THE Rev. Gordon Haggarty was well known for his story-telling. Not

only did he captivate the swelling congregation at the North Church of

St Andrew with his oratory but he was a sought-after public speaker.

The compassion of his funeral services, the joy in his wedding

ceremonies, and the enthusiasm of his Sunday sermons made him Aberdeen's

best-known minister, with a higher public profile than many men of the

cloth would prefer.

He was a showman, actively involved in so many activities from

compering children's shows and carol concerts to school organisations

and the Boys' Brigade that he had difficulty in coping with the demands

of his own church, and an unemployed minister was called on to lighten

his workload.

Few had a bad word to say publicly about the smiling minister whose

name was a household one in Aberdeen, but now the sincerity of his every

action must be in question.

The revelations of his sordid acts with young girls, using his trust

as a man of God to manipulate them into situations where he could

satisfy his perverted desires, have rocked the North-east.

His congregation, those he married, and the relatives of those he

buried have been devastated to discover the secret life he led.

Over a decade he lured carefully selected young girls to his home or

to the church where, by using his story-telling gift, he performed lewd

and libidinous acts.

He convinced his innocent victims they were to be involved in helping

write a story for a church magazine about a young girl who was

kidnapped. To help with this they had to experience the emotions a

kidnap victim might feel when tied, gagged and blindfolded.

He convinced each girl she was his special friend, that this was to be

their secret, and then betrayed the trust the innocents and their

parents had placed in him.

Such was his magnetism that there are still those, in spite of his own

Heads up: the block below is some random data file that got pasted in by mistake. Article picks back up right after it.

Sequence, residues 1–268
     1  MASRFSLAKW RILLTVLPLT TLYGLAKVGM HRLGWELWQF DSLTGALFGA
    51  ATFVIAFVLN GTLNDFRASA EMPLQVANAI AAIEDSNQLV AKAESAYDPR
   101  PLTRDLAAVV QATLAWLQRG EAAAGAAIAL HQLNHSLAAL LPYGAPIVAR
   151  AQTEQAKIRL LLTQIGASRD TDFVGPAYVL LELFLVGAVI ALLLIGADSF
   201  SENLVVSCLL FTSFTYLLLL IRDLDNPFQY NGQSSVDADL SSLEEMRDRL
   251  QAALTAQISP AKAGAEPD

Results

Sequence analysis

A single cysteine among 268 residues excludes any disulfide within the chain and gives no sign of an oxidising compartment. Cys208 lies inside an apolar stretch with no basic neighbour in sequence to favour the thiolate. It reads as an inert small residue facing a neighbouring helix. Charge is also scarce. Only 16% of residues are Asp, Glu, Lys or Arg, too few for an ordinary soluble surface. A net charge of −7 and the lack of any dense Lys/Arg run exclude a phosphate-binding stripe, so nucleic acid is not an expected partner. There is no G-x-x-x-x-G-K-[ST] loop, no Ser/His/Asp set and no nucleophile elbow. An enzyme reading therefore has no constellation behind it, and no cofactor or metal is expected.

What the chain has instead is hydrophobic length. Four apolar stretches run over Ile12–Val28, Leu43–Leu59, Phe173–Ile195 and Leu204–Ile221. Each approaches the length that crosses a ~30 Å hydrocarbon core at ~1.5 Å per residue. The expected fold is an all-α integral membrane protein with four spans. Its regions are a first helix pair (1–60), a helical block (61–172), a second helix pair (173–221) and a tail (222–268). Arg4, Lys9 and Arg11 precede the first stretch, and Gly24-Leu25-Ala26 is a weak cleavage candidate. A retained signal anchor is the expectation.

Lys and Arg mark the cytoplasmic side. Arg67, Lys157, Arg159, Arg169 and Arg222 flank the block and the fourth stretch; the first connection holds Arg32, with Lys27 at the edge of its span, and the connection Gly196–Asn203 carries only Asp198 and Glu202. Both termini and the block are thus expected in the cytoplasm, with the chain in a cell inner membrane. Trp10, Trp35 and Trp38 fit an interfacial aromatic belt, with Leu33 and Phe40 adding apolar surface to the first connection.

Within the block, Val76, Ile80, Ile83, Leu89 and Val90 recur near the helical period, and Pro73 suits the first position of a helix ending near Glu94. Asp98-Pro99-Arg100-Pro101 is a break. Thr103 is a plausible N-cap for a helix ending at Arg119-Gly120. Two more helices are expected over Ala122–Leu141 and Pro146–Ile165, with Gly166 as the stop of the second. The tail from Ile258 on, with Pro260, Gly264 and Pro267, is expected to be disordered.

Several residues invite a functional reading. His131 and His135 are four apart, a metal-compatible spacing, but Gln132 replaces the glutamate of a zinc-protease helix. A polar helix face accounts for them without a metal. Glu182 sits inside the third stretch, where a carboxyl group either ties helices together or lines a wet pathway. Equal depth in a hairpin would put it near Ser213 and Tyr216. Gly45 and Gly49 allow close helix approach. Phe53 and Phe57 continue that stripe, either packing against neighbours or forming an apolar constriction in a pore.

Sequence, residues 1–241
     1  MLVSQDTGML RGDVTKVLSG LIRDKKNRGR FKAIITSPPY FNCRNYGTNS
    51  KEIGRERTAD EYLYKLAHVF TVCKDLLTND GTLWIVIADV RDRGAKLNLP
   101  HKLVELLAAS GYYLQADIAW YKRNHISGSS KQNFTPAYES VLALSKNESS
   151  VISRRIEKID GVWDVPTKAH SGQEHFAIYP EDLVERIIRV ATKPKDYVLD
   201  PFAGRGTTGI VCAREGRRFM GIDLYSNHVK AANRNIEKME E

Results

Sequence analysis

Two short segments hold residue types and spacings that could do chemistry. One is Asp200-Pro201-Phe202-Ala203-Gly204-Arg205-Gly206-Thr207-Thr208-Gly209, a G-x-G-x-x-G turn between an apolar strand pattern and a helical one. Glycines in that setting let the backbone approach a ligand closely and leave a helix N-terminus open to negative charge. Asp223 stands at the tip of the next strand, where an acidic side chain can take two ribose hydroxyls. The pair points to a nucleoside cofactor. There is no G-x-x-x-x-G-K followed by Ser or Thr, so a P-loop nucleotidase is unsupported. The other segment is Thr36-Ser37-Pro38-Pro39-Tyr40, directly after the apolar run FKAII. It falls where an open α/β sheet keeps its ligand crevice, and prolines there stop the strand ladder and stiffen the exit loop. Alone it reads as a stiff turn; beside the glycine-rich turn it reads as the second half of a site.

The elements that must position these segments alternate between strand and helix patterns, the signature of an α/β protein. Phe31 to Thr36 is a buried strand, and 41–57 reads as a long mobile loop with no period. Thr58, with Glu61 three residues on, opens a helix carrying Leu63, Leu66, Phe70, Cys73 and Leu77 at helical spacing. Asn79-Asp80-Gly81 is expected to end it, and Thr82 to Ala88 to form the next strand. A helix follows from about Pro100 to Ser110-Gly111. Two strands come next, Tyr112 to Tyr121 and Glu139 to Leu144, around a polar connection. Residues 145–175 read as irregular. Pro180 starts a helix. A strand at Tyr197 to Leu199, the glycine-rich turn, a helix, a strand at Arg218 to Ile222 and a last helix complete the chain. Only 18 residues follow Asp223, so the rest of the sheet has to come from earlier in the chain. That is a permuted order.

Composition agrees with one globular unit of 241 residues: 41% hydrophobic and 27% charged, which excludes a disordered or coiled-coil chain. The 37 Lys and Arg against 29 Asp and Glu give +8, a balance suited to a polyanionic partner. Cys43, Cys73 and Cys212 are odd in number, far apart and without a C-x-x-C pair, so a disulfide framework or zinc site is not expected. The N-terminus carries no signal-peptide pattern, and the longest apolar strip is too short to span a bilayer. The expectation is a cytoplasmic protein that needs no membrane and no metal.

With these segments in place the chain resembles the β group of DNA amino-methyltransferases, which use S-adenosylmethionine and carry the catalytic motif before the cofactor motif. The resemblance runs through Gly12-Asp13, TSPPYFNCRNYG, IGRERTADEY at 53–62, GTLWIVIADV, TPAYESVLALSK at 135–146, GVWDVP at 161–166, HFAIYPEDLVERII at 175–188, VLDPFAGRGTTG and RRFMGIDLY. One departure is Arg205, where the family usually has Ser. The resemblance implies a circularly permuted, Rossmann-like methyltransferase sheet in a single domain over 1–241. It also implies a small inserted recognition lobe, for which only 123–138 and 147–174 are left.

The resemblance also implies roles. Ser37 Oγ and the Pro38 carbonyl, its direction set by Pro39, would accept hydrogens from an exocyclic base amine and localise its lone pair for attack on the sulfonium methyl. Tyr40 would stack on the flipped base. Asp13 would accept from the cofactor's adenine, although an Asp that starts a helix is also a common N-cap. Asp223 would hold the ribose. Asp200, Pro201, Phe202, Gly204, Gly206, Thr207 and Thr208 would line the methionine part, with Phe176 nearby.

admission, reluctant to believe that their minister was capable of the

crimes he committed.

They only came to light when the grandfather of one of his victims

died. She had been 11 when Haggarty bound, gagged, blindfolded, and

photographed her in the West End manse he shares with his wife and

teenage daughter, and when his name was mentioned as a possible minister

to perform the funeral the girl, by then aged 18, stunned her family by

saying ''Not that pervert''.

She was then persuaded to disclose what had happened and the police

were informed.

Within a few days the minister who had, by his own actions, set

himself on a pedestal was led into court in handcuffs.

The career of the chaplain to Grampian Fire Brigade, Aberdeen prison,

Aberdeen lifeboat crew, Cove Rangers football team and His Majesty's

Theatre was over.

The Jekyll and Hyde existence of the ex-policeman and prominent

freemason who was persuaded that the ministry was his true calling had

been exposed.

His obsession with bondage, violence and the occult was clear from the

videos discovered in his manse and in his church vestry.

Many who had placed their trust in him were shattered, but while they

will recover, his victims, and their children, may be mentally scarred

for life.

Research has shown that the suffering of the victims does not relate

directly to the degree of abuse. The betrayal of a child's trust by an

adult who they expect to care for and protect them can have, according

to one Scottish counseller, ''a devastating effect''.

Each victim suffers in different ways. Problems may not manifest

themselves until they have their own children. They may then find

themselves unable even to cuddle them, and not realise why.

The abuse may cost them their self-esteem which can lead to

depression, alcohol and drug abuse and relationship difficulties.

Their problems can lead them to become hostile towards the world in